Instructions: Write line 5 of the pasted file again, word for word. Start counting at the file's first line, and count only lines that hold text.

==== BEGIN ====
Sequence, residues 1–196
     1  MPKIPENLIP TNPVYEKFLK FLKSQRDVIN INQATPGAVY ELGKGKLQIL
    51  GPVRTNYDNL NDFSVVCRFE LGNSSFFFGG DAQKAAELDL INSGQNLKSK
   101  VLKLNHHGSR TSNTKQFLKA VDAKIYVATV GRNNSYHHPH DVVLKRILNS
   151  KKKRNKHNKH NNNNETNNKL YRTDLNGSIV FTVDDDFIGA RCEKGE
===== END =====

   151  KKKRNKHNKH NNNNETNNKL YRTDLNGSIV FTVDDDFIGA RCEKGE